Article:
It was quite an experience and I was well knackered at the end of it. While serving with the Royal Artillery Band I performed in 19 Lord Mayors Shows plus one with the Royal Yeomanry Band and one with Thames Fanfare Brass Dixie Band, which was a lot of fun, we were working for Esso Blue, playing their advert music theme ‘Esso Blue For Happy Motoring’ and Dixie numbers in between for 3 miles.

So to finish this story I never dropped my march cards again it really was very embarrassing and I will never forget it.

I am still involved with the Lord Mayor, not in his show but performing with my brass ensemble Thames Fanfare Brass at banquets held in the Mansion House, the home of the Lord Mayor, which he attends. I have now been performing at the Mansion House for 50 years, how time flies when you’re having fun.

Tuesday, 9 April 2013

Brass Ensemble Instrument Care and Repair

Roy Bilham director of Thames Fanfare Brass and British State Trumpeters has been a professional brass musician for over 50 years playing in Brass Bands, Orchestras, Wind Bands, Brass Quintets and Brass Ensembles. He has also been a  teacher of brass for over 40 years.

Regular maintenance on your instrument is very important, a little time and effort will certainly pay off and should avoid problems which could lead to a very costly repair bill. However be aware of attempting to repair your instrument yourself however small.  If you have any doubts consult a qualified instrument technician for advice.


These cleaning principles can cover Fanfare Trumpets – All Trumpets/Cornets – Tenor Horns/Flugels – Baritones/Euphonium/Tubas.

The two most important factors to remember in caring for your brass instrument are cleanliness and regular lubrication.

1.      Flush out your instrument at least every 4-6 weeks with mild soapy water. For example a trumpet would only need a few drops of fairy liquid down the bell followed by a sauce pan of warm water poured down the bell after. This works well and you get a continuous flow through the cornet/trumpet. Then rinse with cold water and dry thoroughly. Do not use hot water as this could be dangerous to you and the lacquer on your instrument.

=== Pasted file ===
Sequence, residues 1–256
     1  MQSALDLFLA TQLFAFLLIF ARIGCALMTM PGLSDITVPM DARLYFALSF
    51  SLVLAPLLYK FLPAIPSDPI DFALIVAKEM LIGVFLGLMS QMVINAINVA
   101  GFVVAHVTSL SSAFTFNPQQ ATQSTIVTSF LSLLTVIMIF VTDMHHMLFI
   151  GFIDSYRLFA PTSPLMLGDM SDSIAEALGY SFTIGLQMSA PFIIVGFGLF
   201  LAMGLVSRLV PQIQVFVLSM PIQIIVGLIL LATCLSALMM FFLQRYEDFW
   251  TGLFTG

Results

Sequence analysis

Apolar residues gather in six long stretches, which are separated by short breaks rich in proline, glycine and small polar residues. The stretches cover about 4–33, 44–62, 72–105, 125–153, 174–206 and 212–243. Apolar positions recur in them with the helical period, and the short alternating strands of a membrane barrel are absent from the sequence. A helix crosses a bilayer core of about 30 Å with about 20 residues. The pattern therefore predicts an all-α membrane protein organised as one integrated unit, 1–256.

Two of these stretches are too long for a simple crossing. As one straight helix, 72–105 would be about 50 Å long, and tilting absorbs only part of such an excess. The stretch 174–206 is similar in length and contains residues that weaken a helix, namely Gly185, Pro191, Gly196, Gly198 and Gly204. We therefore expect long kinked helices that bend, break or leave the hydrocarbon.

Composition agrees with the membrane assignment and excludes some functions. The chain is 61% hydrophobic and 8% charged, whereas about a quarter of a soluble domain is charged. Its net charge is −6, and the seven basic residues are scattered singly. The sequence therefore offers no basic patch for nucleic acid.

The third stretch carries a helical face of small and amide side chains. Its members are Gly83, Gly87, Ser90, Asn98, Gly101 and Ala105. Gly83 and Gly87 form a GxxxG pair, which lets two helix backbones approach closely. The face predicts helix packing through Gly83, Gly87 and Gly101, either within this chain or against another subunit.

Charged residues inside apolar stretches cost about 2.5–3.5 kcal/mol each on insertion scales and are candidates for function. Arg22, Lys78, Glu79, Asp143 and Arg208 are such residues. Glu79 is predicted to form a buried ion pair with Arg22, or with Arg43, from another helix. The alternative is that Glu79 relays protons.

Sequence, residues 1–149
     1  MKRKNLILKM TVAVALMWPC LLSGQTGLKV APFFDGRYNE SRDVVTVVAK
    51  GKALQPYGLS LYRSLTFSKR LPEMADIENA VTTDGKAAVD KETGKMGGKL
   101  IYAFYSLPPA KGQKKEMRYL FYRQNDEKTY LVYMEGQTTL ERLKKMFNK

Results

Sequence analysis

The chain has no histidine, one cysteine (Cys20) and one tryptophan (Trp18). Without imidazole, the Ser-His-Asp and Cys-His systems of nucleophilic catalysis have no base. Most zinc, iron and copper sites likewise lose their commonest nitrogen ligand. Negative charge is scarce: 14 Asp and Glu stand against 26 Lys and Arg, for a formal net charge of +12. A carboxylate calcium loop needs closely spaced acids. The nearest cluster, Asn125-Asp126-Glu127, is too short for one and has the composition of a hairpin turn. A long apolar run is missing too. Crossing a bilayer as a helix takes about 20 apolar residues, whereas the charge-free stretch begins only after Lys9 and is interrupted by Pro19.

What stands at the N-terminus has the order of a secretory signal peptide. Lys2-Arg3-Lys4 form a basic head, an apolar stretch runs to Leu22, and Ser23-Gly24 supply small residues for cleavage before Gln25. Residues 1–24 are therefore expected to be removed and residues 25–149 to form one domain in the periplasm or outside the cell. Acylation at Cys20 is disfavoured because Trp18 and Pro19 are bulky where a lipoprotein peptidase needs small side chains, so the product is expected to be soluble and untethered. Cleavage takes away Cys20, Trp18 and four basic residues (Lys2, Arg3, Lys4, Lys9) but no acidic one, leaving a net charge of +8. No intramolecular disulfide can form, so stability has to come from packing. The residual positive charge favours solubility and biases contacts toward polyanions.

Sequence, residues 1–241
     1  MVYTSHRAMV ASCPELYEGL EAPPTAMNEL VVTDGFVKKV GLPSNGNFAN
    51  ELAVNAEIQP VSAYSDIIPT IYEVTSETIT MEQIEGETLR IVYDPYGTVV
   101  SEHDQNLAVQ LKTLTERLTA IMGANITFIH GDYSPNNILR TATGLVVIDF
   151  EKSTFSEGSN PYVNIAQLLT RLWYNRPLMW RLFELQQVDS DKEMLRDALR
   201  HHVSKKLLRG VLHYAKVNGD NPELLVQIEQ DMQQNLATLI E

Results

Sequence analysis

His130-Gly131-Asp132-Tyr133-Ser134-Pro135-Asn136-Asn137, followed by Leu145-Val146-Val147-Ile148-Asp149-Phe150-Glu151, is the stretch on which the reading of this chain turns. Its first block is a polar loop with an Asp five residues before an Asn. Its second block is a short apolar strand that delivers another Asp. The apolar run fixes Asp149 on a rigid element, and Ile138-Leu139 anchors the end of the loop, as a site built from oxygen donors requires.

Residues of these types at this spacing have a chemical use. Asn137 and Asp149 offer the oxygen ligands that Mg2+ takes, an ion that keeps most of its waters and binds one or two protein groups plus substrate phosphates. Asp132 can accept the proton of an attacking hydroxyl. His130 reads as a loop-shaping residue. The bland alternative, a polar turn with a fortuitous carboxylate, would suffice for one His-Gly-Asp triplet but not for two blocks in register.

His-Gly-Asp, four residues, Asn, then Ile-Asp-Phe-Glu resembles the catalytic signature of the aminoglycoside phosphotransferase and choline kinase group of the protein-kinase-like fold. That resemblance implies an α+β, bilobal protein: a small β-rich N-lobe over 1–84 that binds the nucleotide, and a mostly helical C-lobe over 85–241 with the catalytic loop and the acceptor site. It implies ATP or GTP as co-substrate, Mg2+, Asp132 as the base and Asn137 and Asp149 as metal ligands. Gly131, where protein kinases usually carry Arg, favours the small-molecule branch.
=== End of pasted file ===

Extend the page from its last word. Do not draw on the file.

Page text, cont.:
2.      A flexible cleaning brush should be used to clean out slides and tubing, but make sure this is renewed once a year to avoid breakage inside the instrument.
3.      Use a valve case cleaning brush to clean out the valve casings.
4.      Use a lint free cloth such as cheese cloth as a swab. This may also be used to wipe the pistons which should be carefully removed and special care taken to replace them in the right order (clean one valve replace and so on).
5.      Use only a quality tuning slide grease when lubricating the slides and a minimum amount of valve oil on the pistons. The use of inferior lubricants can affect the performance of your instrument.
6.      Make sure that the mouthpieces are cleaned thoroughly with warm water a dirty mouthpiece or mouth pipe can be detrimental in the response of your instrument.
7.      Care should be taken when polishing lacquered and silver plated instruments. Harsh abrasives must be avoided at all times and only the correct cleaning cloths should be used.
8.      Try to keep your instrument in an atmosphere of even temperature and humidity. Do not leave it in direct sunlight or near a radiator even when it is in its case.
9.      For trombones fill the complete slide with soapy warm water and activate the slide up and down several times. Remove the water and rinse through with clean clear water as necessary.
10.  The inner and outer slides should be disassembled and cleaned using a cleaning brush in conjunction with any good slide cleaning kit to make sure that the cleaning reaches the bottom bow of the outer slide.
11.  A small amount of good quality slide cream should be applied to the inner slide stocking and sprayed with clear water.
12.  Ensure that the bell and tuning slide are kept clean by running them through with lukewarm water and a tuning slide swab. After drying with a lint free cloth apply tuning slide grease before reassembling.


Al Cass fast valve slide and key oil.
Superslick care kit for trumpet/cornet.

Yamaha trombone maintenance cleaning kit cork grease and brush.
Herco slide grease.


Phil Parker – Dawkes Music

So the bottom line ladies and gentlemen boys and girls – as teachers we don’t want to see sausage, egg, bacon and chips lining your mouthpieces.